2
\$\begingroup\$

Here is my code to retrieve a class from a different solution (both solutions are in the same folder) using an XML file:

var xml = XElement.Load("settings.xml");
var query = xml.Elements();
     foreach (var XMLProtocol in query)
     {
         string NameSpace = XMLProtocol.Element("NameSpace").Value;
         string ClassName = XMLProtocol.Element("ClassName").Value;
         string FrequencyType = XMLProtocol.Element("FrequencyType").Value;
         string FrequencyValue = XMLProtocol.Element("FrequencyValue").Value;
         string path = Path.GetDirectoryName(Path.GetDirectoryName(System.IO.Directory.GetCurrentDirectory()));
         System.Reflection.Assembly assembly = Assembly.LoadFrom(path + "../../" + NameSpace + "\\bin\\Debug\\" + NameSpace + ".dll");
         System.Type type = assembly.GetType(NameSpace + '.' + ClassName);
         Protocol protocol = new Protocol((IProtocol)Activator.CreateInstance(type), Convert.ToInt64(int.Parse(FrequencyValue) * GetFrequencyTypeMultiplier(FrequencyType)));
         this.Add(protocol);
     }
Execute(); 

This is the XML:

<Protocols>
  <Protocol>
    <NameSpace>ClassTest</NameSpace>
    <ClassName>Class1</ClassName>
    <FrequencyType>Minute</FrequencyType>
    <FrequencyValue>20</FrequencyValue>
  </Protocol>
</Protocols>

Is there a way to retrieve the assembly without having to "hardcode" the path to the DLL? What is the best practice for that scenario?

\$\endgroup\$
  • \$\begingroup\$ A simple thing: Proper indentation goes a long way, specifically there's no reason for the for-each-loop being indented an extra-level. \$\endgroup\$ – Deduplicator Aug 11 '15 at 18:03
2
\$\begingroup\$

Although this feels very "examplish", here are my thoughts:

Personally, I would rethink how you handle paths currently. As it stands, the directory structure must be very specific: you are provided with some "root" folder, and in that folder you have subfolders, each named after the namespace of the library within it, then a bin folder, then a Debug folder, so an example would be:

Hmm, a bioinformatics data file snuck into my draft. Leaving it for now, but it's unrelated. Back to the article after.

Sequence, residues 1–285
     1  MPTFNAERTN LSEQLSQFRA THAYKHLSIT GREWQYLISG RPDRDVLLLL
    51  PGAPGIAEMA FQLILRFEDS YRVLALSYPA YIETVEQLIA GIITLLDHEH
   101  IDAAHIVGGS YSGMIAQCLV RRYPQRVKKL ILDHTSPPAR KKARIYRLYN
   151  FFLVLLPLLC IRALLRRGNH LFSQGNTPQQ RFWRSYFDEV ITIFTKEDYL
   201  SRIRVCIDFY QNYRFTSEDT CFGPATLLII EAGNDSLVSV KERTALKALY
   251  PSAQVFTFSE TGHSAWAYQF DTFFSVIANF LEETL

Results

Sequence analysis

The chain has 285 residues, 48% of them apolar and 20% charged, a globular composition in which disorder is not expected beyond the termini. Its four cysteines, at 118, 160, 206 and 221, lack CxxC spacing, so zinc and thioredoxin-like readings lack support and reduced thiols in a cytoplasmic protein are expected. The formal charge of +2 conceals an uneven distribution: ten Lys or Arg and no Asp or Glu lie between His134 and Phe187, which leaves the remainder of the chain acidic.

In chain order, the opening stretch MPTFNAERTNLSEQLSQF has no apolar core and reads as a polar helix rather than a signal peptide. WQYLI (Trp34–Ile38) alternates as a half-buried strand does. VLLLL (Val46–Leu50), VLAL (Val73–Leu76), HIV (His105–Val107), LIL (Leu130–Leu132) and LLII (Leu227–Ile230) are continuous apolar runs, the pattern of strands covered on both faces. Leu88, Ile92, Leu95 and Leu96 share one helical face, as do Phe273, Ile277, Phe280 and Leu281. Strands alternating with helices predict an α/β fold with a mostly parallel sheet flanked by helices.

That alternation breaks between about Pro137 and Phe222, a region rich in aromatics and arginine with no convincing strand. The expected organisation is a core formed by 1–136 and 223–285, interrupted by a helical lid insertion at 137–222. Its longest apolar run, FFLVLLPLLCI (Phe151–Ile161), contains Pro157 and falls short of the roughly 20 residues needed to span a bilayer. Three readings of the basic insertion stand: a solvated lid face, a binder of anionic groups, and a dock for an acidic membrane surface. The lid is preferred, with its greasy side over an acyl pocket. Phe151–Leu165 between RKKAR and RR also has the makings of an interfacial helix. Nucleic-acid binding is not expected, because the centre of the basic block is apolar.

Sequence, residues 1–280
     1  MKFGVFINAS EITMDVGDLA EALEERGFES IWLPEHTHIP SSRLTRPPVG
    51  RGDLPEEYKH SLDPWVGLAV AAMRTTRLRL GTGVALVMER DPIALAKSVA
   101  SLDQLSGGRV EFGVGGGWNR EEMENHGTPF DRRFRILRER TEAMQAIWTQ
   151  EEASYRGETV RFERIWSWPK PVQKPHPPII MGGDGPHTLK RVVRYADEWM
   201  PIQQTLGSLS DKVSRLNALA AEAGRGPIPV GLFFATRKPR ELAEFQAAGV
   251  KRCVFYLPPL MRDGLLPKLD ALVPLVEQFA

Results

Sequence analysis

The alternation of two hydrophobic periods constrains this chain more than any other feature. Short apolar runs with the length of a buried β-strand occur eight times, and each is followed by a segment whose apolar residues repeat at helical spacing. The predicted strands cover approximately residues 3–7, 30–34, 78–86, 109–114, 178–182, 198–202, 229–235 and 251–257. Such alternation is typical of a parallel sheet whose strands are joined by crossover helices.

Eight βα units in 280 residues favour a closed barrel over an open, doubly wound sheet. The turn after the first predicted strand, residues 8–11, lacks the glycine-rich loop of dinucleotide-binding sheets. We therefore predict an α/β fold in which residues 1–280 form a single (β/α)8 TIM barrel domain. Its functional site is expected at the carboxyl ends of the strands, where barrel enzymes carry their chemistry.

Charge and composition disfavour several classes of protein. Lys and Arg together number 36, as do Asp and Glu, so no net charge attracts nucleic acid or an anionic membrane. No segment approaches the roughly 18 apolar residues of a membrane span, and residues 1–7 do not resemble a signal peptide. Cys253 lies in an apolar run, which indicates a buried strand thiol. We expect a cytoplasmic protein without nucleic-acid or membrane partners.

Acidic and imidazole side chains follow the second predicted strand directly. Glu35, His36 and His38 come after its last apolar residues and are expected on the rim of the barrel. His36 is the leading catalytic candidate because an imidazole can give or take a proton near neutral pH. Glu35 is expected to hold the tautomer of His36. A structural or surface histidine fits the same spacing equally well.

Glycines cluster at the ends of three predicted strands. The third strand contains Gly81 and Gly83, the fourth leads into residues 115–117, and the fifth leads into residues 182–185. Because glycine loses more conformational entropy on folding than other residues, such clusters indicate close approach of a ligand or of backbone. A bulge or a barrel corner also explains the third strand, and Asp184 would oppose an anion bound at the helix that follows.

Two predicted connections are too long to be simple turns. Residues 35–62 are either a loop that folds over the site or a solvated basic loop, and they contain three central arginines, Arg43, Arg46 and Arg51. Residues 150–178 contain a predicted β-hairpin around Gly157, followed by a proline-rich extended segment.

C:\Projects\Project1\bin\Debug\Project1.dll
C:\Projects\Project2\bin\Debug\Project2.dll
C:\Projects\ClassTest\bin\Debug\ClassTest.dll
et. al.

If you just wanted to drop a bunch of files in one folder, it's currently not possible.

Why don't you, instead, add the path as a line in the XML file?

<Protocols>
  <Protocol>
    <NameSpace>ClassTest</NameSpace>
    <ClassName>Class1</ClassName>
    <FrequencyType>Minute</FrequencyType>
    <FrequencyValue>20</FrequencyValue>
    <FolderPath>../../ClassTest/bin/Debug/</FolderPath>
  </Protocol>
</Protocols>

The nicety of this is that you can now put your DLL's anywhere. You can use relative, absolute and virtual paths, and you can make them much more dynamic.

C:\Projects\Project1\bin\Debug\Project1.dll
C:\Projects\Project2\bin\Release\Project2.dll
C:\Dean Martin\ClassTest.dll
et. al.

This also means, that if you wish to use the release version of Project1, but the debug version of Project2, you can! Just include the appropriate path name!

This is generally the best-practice for this situation, as the "location" of a DLL file is a configuration aspect, rather than a programme aspect. Only in certain situations (with things like dynamic plugins) would you use a hardcoded (absolute, virtual, or relative: any of the three) path to get to the DLL's. And that would typically be something like Plugins\.


On a separate topic: I would recommend you use the @ prefix for your path strings, to be able to omit escapes:

System.Reflection.Assembly assembly = Assembly.LoadFrom(path + "../../" + NameSpace + @"\bin\Debug\" + NameSpace + ".dll");

This tends to make it more readable. Of course, if you move the file paths to the XML, it won't be a problem. :)

\$\endgroup\$
  • \$\begingroup\$ Before I had the path to the DLL inside the xml file, but my boss said it's not required, that I could do it just with the class name and namespace. So I made that change because I couln't figure out how to make the assembly works without the DLL. I'll probably have to change the string when I won't be in Debug though. The dynamic plugins part you mentioned seems to be my case, I'll see if I can find more about it. \$\endgroup\$ – loli Aug 11 '15 at 18:15
  • 1
    \$\begingroup\$ @loli I would consider reading this MSDN article on the recommended way to build a Plug-In Framework. \$\endgroup\$ – 410_Gone Aug 11 '15 at 18:24
  • 1
    \$\begingroup\$ I got it to work without DLL by reading the MSDN article, thanks ! No more path needed. \$\endgroup\$ – loli Aug 11 '15 at 19:15
  • \$\begingroup\$ @loli Ah, excellent! \$\endgroup\$ – 410_Gone Aug 11 '15 at 19:50

Your Answer

By clicking “Post Your Answer”, you agree to our terms of service, privacy policy and cookie policy

Not the answer you're looking for? Browse other questions tagged or ask your own question.